Experts debate how to fix financial system
As stock markets grapple with the fallout from this week’s turmoil on Wall Street, experts are asking what can be done to prevent a similar financial fiasco in the future, wrote CBC News online Sept. 19.
“My bottom line right now is it’s far too early to say what will happen,” said Fred Gorbet, director of the Financial Services Program in the Schulich School of Business at York University and former deputy minister of finance in Ottawa. “In the US, Congress will likely take the lead and the risk is that we have a knee-jerk reaction akin to Sarbanes Oxley after Enron – which was not well thought out, in my view.”
Banks still recruiting in Canada
In Canada, the employment outlook for bankers is far more stable, and the major financial institutions are still recruiting business school graduates, says a career development officer at York University’s Schulich School of Business, wrote The Globe and Mail Sept. 19 in a story about recent financial sector layoffs in the US and Europe.
Minoo Bhutani, a former investment banker and director of career development at Schulich, said he has not noticed a drop off in recruitment activity by the banks. When the major financial institutions arrive on campus, they are generally recruiting for a number of different roles. Any shift this year is in the functions that the MBAs are being hired for, rather than in the number of hires, he says.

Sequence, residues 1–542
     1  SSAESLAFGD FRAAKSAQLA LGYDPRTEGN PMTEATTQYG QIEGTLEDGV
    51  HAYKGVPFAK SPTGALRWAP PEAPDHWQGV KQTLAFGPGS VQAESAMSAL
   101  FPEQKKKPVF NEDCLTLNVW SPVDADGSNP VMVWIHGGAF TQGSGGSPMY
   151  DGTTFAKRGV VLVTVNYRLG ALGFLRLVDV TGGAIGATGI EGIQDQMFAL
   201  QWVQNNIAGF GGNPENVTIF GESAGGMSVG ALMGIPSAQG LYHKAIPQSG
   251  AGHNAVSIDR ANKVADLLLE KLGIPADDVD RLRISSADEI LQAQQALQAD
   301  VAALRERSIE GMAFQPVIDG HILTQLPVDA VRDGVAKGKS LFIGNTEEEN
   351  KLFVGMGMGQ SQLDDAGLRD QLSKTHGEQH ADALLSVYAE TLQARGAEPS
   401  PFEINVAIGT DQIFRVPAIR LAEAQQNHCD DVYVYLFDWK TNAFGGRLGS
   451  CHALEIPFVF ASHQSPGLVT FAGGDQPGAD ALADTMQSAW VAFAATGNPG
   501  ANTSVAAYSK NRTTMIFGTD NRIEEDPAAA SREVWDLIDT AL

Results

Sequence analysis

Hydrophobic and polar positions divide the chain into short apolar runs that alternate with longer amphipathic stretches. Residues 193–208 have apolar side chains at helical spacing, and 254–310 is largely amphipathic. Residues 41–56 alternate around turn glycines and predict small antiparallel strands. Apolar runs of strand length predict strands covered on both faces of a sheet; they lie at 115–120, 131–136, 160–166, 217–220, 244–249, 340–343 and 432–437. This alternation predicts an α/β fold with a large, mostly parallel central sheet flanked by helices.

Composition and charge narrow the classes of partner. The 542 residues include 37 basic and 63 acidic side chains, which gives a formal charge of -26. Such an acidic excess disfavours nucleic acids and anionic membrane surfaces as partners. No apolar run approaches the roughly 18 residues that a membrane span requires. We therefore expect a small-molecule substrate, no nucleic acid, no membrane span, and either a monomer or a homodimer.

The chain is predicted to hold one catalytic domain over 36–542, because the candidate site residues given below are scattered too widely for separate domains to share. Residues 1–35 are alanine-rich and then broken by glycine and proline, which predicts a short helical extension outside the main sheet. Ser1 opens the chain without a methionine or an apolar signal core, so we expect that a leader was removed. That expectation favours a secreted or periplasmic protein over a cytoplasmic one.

Former Schulich acting dean joins doctor’s new art gallery
Tomorrow marks the official opening of the Robert Macklin Gallery, the latest addition to Kingston’s art world, and the retiring ophthalmologist’s hedge against old age, wrote The Kingston Whig-Standard Sept. 19.
The 1,550-sq.-ft. gallery is located off Market Square in the beautifully restored heritage building where Macklin saw his patients for the past 15 years. Several former patients from his ophthalmology practice are among the 25 artists, four sculptors and one photographer whose works are part of the first official exhibit. Brian Dixon, former acting dean of the Faculty of Administrative Studies [now the Schulich School of Business] at York University, a resident of Kingston, is also part of the inaugural group. Dixon normally sells and shows his work in Spain.